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Home » Features » The Needs Are So Many...

The Needs Are So Many...
A conversation with Dr. Aníbal Zambrano and Katy Zambrano
by Graciela N.V. Corvalan

Q. How many volunteers were involved in your last mission?

A. We were between 80 and 100 people. I believe that 70% or more were from St. Louis. We had a large group from Chicago, and also people from Detroit, Tampa, Washington D.C., Virginia, North Carolina, New York, Seattle-well, from all over the country. Most of the volunteers had learned about the mission from people who had participated in previous ones. When we went to Cajamarca, we had two Polish doctors with us, the last time we had four. Usually the people who participate in these missions volunteer on a regular basis, and this is very good because they know that the work is hard and they are prepared to do it.

Q. What are the ages and nationalities of your volunteers?

A. All nationalities and all ages. On the last mission we had volunteers as young as 13 and as old as 76. The 76-year old, who is a patient of mine, sent us a most beautiful letter. He wrote, "My doctor says that I am in good health. May I join the mission?"

Q. Are the first-time volunteers shocked when they see the level of poverty in Peru?

A. When we arrive we start working so fast that there is no time for any kind of shock. I think that they may get a shock after they return to the U.S.

Q. What do the volunteers feel they receive?

A. For many of us the only reward is knowing that we may have changed a person's life. Seeing happy tears in the eyes of a patient is all it takes to make you want to go back. You feel that you are doing something for others without expecting anything in return. The important thing is to know that you are doing something good. And why is it good? Well, I don't know. And it doesn't really matter what your political affiliations are. Some of the volunteers may not have a strong sense of social responsibility, but they still are very happy to participate in these missions.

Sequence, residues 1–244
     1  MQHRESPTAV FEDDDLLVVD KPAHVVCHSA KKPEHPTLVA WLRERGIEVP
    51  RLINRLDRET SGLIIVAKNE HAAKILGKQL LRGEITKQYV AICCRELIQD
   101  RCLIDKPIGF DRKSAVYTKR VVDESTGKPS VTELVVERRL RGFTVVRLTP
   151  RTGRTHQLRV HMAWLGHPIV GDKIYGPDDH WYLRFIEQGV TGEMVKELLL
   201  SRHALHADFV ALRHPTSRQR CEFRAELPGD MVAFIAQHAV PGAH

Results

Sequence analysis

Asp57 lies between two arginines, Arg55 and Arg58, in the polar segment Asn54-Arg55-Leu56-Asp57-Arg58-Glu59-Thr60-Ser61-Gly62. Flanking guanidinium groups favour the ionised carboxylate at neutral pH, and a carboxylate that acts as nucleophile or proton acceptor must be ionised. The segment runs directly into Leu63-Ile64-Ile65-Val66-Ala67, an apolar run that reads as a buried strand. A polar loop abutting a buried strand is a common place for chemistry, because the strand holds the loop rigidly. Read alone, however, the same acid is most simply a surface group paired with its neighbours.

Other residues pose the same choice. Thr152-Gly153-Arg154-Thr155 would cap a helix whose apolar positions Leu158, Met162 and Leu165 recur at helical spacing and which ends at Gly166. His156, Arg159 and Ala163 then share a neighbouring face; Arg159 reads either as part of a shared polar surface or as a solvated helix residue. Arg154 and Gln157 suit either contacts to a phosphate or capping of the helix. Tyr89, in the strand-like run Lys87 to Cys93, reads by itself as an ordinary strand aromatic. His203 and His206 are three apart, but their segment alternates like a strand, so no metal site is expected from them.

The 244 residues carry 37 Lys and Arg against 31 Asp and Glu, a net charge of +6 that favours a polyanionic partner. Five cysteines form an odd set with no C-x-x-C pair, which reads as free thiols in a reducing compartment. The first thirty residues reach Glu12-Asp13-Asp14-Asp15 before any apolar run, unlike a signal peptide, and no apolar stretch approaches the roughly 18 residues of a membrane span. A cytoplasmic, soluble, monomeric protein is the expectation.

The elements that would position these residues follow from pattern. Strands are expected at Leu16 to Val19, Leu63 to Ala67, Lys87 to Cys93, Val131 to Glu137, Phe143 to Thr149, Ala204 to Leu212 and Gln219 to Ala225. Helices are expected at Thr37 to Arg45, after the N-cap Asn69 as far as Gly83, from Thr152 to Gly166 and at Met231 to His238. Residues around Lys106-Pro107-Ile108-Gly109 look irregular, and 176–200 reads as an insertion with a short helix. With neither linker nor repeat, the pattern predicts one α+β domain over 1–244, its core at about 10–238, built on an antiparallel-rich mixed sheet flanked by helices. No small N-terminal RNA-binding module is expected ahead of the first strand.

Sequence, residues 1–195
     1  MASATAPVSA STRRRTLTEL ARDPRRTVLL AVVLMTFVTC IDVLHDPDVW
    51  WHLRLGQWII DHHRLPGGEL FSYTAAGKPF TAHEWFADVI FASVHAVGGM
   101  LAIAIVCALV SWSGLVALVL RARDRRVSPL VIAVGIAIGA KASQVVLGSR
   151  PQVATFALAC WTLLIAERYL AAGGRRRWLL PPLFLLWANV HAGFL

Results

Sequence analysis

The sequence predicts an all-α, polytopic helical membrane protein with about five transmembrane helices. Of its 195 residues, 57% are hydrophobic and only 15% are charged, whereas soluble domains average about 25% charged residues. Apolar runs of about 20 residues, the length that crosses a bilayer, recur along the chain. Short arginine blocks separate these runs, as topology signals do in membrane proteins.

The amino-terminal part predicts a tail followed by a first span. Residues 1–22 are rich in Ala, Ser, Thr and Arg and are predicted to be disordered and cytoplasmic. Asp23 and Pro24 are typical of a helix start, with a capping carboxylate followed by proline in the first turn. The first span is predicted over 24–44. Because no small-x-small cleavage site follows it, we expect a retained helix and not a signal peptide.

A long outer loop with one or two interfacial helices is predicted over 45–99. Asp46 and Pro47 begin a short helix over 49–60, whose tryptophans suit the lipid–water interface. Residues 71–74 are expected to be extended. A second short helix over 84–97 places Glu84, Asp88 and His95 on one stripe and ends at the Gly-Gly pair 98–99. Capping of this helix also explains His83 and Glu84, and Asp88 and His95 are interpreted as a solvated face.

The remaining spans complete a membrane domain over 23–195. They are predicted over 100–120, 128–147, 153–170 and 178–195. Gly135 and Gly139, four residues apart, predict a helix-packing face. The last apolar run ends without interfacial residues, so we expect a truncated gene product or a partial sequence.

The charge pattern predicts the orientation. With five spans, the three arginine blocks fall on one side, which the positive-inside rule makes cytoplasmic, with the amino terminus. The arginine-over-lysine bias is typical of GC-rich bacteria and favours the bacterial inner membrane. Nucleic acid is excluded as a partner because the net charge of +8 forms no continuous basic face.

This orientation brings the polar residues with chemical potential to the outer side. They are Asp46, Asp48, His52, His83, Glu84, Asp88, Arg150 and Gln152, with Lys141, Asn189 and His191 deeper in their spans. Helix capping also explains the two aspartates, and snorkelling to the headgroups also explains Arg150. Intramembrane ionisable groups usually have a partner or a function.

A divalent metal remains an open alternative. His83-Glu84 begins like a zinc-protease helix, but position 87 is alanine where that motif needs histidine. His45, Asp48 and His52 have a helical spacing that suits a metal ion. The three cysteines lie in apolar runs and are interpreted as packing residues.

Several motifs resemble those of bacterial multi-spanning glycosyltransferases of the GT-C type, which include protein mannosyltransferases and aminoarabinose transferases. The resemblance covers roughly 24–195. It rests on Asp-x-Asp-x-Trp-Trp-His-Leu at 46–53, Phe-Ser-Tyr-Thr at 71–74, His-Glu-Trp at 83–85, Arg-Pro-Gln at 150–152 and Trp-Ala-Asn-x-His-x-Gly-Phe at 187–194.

Q. What you say is very interesting. Perhaps, even if they do not recognize it, they do have a sense of social responsibility.

A. Yes, that might be the case. Everyone who organizes a mission will tell you the same thing: people change because they discover that they want to help other people. We had some PhDs who, not being medical professionals, had to find things to do. A professor from Washington University became a carrier of medicines, intravenous fluids, etc., but he seemed very happy. If nobody gives you a job, you find it yourself!

Q. What feedback do you receive from the volunteers?

A. It's amazing! We do not send thank-you letters to them; they send thank-you letters to us saying that it has been the best experience of their lives. Human beings want to give. If you are able to do the work, even if it is under somewhat difficult conditions, you learn to appreciate what you have, to appreciate the work others are doing, and you become aware of what you can do. We always learn: by doing, by teaching, and by adapting to different circumstances.

Q. Could you say that a spiritual vocation or ideal is what motivates you and the volunteers to help disadvantaged people?

A. Yes, I think so. The volunteers are special people who donate their time and money, paying for their own trip and expenses. Good people have a spirit of giving. Everyone is responsible for others in this world and, yes, everyone has a personal mission in life, which they respond to in different ways.

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